How to not to be fooled by US Immigration Law

Posted on by Ruby Powers in Immigration Law Leave a comment

How to not to be fooled by US Immigration Law

Immigration law is not always logical. I remember before I was an immigration attorney I thought there could be no way the U.S. Government would keep foreigners who married US citizens from living in the country. “That is crazy!” I thought. My husband and I, before I was an immigration attorney, also didn’t know that mail from the US Department of Homeland Security would not be forwarded even when we had temporarily forwarded our mail for summer internships. That was an expensive mistake.  Now, I know differently but only with time, education, and experience.

As an immigration attorney with a firm that provides solely immigration law services, I help people in may situations, some routine and some complicated.  Many consultations start with people filing immigration papers on their own, or with a notario, and then getting to visa appointments to find out surprisingly that they need waivers. Or, consultations where people are shocked, just like I was beforehand, that there would be complications for certain foreign-nationals to getting approved their visas or green cards if they were married to a US citizen.  Some file the wrong documents or the wrong forms completely.  Some don’t realize their criminal past will affect their immigration future.  There are a lot of policies that aren’t obvious from the instructions forms and not everything on the internet is true.  I wanted to pass on some tips I hope will help people navigate their immigration law experience:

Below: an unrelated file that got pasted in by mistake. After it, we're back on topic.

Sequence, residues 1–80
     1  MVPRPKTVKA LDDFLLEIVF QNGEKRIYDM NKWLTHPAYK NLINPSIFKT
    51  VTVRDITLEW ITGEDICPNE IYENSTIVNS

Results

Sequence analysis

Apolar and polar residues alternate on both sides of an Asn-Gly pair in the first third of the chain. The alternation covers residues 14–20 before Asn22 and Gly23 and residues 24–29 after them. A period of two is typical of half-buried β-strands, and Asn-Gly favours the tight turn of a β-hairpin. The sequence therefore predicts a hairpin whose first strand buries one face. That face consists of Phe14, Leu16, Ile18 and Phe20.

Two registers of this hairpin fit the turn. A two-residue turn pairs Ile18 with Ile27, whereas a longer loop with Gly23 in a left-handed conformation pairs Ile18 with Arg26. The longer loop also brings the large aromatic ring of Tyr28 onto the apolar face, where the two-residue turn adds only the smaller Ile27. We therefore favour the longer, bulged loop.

1. What I suggest from being a US immigration attorney, from going through the process myself with my husband before I was an attorney 10 years ago, and all the consultations I have had, is for families embarking on an immigration process to get a legal consultation with a competent immigration attorney before starting any immigration law process.
  2. Do your research; consult with an immigration attorney with a good reputation, good reviews, and experience in the area you need help.